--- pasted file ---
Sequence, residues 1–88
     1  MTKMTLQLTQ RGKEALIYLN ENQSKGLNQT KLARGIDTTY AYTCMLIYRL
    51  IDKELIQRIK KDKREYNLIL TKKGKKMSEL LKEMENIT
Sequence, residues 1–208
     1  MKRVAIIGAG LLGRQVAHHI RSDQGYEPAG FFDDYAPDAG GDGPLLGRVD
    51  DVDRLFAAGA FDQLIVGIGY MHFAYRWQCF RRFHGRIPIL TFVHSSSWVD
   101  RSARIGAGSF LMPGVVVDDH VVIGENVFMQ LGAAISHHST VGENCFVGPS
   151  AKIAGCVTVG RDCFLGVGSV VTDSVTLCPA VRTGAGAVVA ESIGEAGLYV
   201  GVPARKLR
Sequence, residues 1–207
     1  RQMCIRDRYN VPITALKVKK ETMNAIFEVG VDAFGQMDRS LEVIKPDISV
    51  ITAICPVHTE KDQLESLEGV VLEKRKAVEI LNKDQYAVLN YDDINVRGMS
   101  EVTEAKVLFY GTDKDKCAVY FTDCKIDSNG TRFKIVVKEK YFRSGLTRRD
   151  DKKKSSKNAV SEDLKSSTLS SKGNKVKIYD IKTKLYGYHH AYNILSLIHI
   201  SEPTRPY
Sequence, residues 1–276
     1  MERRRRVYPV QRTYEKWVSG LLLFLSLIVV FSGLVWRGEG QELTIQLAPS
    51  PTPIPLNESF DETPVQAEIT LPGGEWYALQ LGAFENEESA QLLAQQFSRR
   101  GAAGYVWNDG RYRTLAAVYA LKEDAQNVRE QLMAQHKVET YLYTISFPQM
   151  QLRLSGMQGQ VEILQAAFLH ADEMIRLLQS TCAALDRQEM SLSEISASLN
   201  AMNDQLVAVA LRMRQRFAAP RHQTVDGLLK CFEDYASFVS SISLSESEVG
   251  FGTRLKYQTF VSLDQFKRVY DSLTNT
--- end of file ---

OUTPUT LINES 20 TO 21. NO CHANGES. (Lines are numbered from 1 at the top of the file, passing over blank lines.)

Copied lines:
   151  QLRLSGMQGQ VEILQAAFLH ADEMIRLLQS TCAALDRQEM SLSEISASLN
   201  AMNDQLVAVA LRMRQRFAAP RHQTVDGLLK CFEDYASFVS SISLSESEVG